So we’re all going electric right? That’s what the experts say. Lithium ion batteries are supposedly getting better and that renegade Elon Musk and his Tesla cars they’re the wave of the future. Except, they might not be. There are still significant gaps in the technology and while many major manufacturers have embraced the idea of a hybrid car and some have gone so far as to promise full electric cars Honda and GM have gone in a different direction.
On Monday the two automakers announced that they would invest $85 million into mass production of hydrogen-powered cars by the year 2020. The two companies are developing a facility in Brownstone, Michigan to produce hydrogen fuel cells. The purpose of this is to reduce overall costs while sharing intellectual property to improve results.
Some of you may question this decision with the mental image of the Hindenburg disaster flashing in your minds. For that, we will point out that the Hindenburg was a 7,062,000 cubic foot balloon filled with hydrogen covered in a flammable substance that was never designed to use hydrogen in the first place and was retrofitted to do so in 1937 during a helium export ban. By Nazi.
How It Works
Hydrogen as a fuel source doesn’t work in cars in the same fashion as gasoline, wherein the gas is injected into an engine cylinder before the piston fires against the spark plug and propels the piston down creating motion. A hydrogen fuel cell has hydrogen passing through a proton exchange membrane as its electrons form a current which then charges the batteries for the electric motor. Then the hydrogen protons and electrons reform and combine with oxygen to make water.
We’re serious, that’s it. That’s how it works. This is what your high school chemistry teacher was ranting about in class. We’ve known about this for a long time.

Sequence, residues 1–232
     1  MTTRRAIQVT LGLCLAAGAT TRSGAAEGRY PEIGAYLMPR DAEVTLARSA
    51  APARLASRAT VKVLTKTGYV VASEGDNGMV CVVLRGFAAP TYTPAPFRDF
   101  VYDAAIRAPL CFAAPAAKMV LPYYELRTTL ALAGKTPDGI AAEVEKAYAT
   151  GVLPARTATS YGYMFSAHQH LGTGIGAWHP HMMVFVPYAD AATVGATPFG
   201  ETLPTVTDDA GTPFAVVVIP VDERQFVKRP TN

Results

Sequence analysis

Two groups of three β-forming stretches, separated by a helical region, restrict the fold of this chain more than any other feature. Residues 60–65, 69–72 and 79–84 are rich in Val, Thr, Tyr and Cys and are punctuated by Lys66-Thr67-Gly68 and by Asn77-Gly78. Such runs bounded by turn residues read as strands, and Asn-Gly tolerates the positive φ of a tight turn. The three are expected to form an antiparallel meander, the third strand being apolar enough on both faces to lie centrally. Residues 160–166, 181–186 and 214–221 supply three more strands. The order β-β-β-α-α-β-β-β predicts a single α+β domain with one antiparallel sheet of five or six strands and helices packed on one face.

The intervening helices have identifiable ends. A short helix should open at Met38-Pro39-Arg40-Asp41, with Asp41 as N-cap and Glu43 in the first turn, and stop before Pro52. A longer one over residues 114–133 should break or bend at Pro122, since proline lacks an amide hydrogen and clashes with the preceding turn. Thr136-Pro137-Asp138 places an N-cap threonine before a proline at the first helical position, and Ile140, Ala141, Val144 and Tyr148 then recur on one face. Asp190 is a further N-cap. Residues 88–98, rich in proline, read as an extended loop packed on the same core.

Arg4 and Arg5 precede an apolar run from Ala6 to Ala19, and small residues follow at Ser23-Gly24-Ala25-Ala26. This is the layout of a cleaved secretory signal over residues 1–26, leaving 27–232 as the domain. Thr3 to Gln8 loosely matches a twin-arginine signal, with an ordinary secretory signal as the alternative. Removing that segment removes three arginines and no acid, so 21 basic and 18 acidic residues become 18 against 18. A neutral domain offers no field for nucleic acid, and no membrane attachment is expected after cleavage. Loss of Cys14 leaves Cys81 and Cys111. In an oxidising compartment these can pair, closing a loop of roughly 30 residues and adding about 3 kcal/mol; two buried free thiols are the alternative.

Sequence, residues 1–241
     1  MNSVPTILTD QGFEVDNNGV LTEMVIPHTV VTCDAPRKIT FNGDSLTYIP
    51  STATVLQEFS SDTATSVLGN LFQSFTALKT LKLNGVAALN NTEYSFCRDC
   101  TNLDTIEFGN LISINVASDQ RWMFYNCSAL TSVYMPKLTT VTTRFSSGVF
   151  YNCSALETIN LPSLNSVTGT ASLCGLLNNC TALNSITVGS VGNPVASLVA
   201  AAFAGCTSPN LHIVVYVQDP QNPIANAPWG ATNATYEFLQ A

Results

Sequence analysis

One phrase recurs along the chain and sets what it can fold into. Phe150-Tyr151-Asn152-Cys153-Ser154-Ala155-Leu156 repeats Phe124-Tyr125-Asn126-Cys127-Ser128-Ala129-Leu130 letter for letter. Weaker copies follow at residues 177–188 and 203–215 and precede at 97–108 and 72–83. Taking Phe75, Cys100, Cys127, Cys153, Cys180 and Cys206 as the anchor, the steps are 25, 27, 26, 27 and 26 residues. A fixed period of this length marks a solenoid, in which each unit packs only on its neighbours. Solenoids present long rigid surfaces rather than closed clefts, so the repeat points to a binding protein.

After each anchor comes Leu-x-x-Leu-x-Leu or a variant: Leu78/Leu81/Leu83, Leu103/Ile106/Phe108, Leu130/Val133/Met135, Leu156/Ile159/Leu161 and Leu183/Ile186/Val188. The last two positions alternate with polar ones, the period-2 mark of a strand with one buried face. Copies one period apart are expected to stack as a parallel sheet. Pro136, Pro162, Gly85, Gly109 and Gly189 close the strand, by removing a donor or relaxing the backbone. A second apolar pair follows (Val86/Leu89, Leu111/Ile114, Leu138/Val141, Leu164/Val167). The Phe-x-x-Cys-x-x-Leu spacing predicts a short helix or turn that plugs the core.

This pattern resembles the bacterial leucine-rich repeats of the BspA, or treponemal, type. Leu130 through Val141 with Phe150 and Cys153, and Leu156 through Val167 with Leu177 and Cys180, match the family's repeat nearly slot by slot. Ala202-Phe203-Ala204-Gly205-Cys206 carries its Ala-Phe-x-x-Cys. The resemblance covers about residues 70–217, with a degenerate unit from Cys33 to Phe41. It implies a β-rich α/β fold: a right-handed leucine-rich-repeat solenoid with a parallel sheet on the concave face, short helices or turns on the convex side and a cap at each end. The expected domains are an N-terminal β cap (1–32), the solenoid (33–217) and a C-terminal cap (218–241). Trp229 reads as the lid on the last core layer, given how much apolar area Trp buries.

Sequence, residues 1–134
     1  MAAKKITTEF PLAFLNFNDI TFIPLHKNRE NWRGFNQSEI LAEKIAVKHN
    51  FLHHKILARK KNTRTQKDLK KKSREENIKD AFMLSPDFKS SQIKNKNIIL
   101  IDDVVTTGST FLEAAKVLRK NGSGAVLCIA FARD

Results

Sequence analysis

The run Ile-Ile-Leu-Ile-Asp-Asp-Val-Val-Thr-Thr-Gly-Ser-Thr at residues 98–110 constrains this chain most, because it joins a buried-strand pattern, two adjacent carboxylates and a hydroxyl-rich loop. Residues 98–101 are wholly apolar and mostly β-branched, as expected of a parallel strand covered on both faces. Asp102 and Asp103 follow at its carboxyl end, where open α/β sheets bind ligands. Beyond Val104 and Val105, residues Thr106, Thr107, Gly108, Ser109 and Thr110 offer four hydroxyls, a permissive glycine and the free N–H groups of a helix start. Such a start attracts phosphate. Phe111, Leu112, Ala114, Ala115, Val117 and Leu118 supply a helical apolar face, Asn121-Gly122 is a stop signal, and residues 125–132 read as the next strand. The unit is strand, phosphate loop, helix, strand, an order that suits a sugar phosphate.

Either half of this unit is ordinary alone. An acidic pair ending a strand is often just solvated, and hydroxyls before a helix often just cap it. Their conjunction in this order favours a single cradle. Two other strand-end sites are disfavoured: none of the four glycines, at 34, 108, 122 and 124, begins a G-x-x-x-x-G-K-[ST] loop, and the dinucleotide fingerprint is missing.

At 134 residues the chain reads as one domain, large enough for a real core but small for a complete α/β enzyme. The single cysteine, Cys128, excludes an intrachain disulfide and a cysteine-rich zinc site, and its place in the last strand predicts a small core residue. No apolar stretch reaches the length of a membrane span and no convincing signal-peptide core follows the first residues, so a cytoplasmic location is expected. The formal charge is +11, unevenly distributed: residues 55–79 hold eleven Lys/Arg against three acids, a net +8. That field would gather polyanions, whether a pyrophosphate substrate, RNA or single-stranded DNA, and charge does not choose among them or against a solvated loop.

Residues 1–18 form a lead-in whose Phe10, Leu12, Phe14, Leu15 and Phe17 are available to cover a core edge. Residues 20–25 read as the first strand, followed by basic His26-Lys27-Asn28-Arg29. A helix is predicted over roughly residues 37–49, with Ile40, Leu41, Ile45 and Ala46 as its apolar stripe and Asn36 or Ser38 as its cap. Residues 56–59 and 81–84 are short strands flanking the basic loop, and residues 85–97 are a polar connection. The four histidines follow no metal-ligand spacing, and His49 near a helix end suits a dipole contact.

As such the technology behind it is relatively safe. The only way it would become dangerous is if you shoved a flaming drill into your car’s hydrogen tank, which would be dangerous in a conventional gasoline car so just stay away from that business.
The Issue With The Technology
The biggest and most immediate benefit to the use of hydrogen cars is that it is a zero-emission car that also beats an electric car in total range. The average electric car can manage around 100 miles to the full battery with the Tesla Model S edging it out at over 200. For a reference, a conventional 4-liter gas car would manage about 400 miles to the full tank. The Honda Clarity comparatively has a 366-mile range and fuels its tank within five minutes. Again, this is compared to the half hour minimum for the fast charge on the Tesla.
The problem is, from a business standpoint, this is a product that is competing with electric cars and hybrids who already have a strong foothold in the market. For comparison, there are over 15 thousand charging stations in the US versus 33 hydrogen stations, most of which are in California. The reason for this is in part because the cost of setting up a hydrogen refueling station is between $1-2 million as opposed to the $300,000 for an electric vehicle charging station, never mind the fact that homeowners can have one installed in their homes.
As it stands, Honda started leasing its first hydrogen-fuelled car last year in California while Toyota has had the Mirai since August 2015. Meanwhile, General Motors, Lexus, Audi, BMW, Ford, and Mercedes-Benz all have unveiled models in development.
Despite these businesses developing all of these hydrogen-fueled cars they still suffer the fact that they’re coming in behind electric vehicles who’ve already made a positive impact. By the time 2020 does roll in whatever flaws in range and charge time electric cars have may already be gone.
Feature image courtesy Honda.com